Start up from the P1 infill project in February and the Duva field tie-back increased production at UK-based Neptune Energy's Gjoa development to 42 million barrels of oil equivalent in 2021, compared with 40 million boe in 2020, the company has reported.
The Gjoa field has been producing in the Norwegian North Sea since 2010, and has taken on renewed importance due to a role as a hub platform for nearby discoveries.
Production from the tie-back field Vega, operated by Wintershall Dea, and also from the Gjoa field itself, has been better than expected, Neptune indicated.
Some 76% of this production was gas, all of which is exported through the FLAGS pipeline to the St. Fergus Gas Terminal in the UK.
Neptune Energy’s Head of Operations in Norway Martin Borthne said in a press release that the company’s plan to develop the Gjoa platform into a host facility and a hub for nearby discoveries has succeeded.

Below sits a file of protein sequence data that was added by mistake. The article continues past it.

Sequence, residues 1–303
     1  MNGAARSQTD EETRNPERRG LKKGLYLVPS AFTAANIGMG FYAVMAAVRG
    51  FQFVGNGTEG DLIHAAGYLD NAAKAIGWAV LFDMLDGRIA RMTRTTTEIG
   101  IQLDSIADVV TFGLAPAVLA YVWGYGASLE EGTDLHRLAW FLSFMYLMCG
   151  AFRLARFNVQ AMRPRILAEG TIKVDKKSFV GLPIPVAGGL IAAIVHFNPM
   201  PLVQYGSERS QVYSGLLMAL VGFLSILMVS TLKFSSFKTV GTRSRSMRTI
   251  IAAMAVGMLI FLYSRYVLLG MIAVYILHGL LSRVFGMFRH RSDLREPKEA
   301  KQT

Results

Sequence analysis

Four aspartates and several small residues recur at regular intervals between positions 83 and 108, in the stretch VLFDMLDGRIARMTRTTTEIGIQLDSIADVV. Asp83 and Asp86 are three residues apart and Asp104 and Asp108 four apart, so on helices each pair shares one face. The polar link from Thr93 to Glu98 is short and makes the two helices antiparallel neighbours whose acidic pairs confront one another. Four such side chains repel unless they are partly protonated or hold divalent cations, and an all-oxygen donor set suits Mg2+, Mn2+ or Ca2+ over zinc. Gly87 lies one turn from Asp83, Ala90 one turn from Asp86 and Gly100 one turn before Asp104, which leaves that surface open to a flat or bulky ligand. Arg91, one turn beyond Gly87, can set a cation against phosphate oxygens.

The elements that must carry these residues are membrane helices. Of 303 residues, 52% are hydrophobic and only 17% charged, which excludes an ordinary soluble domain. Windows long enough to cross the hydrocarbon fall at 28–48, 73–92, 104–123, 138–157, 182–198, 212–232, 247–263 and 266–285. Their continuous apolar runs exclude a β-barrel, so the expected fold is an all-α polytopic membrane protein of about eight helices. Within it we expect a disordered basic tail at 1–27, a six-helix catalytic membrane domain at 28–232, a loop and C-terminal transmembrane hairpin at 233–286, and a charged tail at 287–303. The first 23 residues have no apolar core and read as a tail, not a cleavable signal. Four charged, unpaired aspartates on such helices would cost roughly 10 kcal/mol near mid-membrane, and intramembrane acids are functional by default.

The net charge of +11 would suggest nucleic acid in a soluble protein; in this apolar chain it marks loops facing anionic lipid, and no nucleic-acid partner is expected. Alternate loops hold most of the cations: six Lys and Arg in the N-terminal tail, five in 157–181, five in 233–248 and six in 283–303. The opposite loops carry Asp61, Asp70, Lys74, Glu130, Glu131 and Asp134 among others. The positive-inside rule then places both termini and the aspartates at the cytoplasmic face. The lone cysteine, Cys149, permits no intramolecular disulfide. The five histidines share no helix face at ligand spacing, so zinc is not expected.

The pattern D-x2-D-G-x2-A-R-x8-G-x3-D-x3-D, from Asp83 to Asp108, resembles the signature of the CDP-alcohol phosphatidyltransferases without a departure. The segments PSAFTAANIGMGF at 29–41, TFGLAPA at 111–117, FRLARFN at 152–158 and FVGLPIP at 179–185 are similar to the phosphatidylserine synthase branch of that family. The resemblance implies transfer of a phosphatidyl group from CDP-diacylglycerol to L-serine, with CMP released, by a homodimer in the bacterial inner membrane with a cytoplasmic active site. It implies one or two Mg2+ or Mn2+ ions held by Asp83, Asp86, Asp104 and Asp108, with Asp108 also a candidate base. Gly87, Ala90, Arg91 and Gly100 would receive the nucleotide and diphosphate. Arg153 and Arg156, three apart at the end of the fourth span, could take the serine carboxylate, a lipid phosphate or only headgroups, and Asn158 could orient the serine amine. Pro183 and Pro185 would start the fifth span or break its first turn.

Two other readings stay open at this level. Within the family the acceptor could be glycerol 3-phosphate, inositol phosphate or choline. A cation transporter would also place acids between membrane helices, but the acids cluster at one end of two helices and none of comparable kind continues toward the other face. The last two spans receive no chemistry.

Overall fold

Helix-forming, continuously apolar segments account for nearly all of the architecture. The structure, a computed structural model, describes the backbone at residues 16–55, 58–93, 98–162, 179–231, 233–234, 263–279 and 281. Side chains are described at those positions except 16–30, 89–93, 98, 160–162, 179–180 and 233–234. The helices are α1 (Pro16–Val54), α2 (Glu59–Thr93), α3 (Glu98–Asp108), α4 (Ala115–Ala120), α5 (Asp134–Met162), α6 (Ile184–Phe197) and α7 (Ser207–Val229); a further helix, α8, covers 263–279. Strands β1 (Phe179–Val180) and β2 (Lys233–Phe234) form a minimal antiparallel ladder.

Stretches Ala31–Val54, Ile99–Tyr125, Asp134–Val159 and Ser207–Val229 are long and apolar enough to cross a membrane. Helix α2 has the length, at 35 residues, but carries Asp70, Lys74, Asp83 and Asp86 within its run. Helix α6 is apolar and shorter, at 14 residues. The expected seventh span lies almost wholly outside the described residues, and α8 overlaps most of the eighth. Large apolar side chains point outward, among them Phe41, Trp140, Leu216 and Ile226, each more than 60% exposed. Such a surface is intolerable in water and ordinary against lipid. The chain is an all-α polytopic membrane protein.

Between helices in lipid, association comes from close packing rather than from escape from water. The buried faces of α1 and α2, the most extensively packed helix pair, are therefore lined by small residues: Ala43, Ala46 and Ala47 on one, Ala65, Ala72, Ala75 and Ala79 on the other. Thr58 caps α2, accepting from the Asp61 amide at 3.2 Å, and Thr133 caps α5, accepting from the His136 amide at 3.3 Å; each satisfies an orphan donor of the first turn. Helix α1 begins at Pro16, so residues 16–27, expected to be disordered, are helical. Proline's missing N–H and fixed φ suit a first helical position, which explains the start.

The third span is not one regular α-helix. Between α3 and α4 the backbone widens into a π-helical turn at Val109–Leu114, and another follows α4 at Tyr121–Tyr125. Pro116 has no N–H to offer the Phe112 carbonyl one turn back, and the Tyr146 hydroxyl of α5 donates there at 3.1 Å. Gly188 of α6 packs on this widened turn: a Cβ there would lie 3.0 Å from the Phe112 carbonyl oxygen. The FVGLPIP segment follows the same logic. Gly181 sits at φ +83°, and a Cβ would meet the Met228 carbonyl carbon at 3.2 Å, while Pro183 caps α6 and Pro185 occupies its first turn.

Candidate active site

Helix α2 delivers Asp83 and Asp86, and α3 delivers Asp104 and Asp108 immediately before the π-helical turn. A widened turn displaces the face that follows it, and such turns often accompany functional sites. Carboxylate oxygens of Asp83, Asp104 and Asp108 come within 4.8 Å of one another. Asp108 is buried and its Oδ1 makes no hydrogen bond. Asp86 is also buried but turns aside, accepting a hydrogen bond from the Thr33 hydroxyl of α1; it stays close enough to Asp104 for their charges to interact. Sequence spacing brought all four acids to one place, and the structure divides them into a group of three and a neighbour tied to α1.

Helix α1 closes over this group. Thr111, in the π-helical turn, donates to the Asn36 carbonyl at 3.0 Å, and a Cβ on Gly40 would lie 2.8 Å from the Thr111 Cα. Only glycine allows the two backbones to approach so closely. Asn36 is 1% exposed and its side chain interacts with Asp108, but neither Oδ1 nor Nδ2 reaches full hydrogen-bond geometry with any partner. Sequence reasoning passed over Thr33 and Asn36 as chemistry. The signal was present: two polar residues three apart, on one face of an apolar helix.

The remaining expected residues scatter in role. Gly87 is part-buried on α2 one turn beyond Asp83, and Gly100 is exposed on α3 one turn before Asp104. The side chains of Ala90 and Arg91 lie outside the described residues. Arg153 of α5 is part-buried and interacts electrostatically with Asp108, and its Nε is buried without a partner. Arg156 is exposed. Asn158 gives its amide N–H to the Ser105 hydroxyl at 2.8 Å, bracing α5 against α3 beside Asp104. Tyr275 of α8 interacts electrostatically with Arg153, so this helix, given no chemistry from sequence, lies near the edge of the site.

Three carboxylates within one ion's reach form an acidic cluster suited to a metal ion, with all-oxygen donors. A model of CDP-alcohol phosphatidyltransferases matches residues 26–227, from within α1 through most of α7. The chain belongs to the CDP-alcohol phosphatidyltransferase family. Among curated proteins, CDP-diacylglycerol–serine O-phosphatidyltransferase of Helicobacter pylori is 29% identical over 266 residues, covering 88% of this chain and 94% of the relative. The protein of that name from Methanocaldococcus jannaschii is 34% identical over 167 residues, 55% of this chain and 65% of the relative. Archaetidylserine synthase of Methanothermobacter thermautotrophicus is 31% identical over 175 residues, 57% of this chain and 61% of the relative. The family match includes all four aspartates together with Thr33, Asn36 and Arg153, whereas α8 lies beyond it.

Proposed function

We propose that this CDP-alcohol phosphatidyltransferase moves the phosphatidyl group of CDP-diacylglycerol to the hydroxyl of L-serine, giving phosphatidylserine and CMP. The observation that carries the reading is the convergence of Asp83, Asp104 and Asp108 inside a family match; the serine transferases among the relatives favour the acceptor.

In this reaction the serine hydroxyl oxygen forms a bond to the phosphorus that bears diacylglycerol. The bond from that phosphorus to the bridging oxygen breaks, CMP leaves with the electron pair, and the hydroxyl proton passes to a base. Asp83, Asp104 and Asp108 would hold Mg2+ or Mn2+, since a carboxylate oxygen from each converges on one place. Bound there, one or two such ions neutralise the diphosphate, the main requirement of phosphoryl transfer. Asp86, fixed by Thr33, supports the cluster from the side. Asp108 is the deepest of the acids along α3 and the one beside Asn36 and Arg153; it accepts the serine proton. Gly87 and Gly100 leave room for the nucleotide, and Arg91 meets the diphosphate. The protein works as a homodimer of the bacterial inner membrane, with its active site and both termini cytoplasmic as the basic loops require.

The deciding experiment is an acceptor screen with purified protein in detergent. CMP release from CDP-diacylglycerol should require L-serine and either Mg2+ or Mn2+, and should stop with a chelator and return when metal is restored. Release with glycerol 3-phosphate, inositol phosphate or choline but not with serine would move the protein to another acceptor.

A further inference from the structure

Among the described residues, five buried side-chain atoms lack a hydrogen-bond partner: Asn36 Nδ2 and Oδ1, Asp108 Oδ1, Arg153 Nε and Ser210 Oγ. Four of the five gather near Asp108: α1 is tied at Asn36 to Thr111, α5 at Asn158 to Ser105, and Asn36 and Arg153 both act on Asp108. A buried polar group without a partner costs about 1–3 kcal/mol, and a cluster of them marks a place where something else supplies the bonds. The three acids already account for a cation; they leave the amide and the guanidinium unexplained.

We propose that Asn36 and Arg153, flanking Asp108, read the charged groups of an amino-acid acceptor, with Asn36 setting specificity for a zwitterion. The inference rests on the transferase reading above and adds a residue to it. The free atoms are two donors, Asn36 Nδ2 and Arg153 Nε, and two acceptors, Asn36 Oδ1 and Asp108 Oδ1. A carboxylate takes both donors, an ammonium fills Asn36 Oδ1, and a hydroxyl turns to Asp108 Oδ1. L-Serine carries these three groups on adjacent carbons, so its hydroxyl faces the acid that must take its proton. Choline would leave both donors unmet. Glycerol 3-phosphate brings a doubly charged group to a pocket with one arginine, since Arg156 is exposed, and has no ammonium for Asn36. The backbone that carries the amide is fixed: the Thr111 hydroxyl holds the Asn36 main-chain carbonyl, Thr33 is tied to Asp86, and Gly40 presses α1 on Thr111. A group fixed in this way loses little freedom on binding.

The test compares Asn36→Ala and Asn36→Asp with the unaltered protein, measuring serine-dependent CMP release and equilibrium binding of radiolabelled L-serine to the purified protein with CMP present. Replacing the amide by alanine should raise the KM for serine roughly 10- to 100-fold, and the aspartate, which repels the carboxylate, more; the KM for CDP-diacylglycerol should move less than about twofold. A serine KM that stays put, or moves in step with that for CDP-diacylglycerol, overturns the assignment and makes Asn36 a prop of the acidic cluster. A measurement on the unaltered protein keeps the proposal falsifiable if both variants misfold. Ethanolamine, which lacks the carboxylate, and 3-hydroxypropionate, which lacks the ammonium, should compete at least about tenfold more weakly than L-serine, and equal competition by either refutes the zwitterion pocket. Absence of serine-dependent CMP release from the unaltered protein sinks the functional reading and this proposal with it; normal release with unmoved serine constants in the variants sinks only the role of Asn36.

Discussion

“This has not only prolonged the life of the Gjoa platform itself, but has resulted in far higher value creation than expected at start-up,” he said..
According to Borthne, Neptune expects to bring on stream a fourth tie-in field to the Gjoa facilities, linking to Wintershall Dea’s Nova field.
“In addition, we plan to drill two exploration wells in the area and continue to mature other nearby discoveries and exploration opportunities as tie-in candidates. We have high expectations that the Gjøa hub will be in operation to 2040 and continue to create value in this area of the North Sea for many years to come,” he said.
Licence partners at Gjoa are UK-based Neptune Energy (operator, 30%), Norwegian Petoro (30%), Wintershall Dea of Germany (28%) and Norwegian OKEA (12%).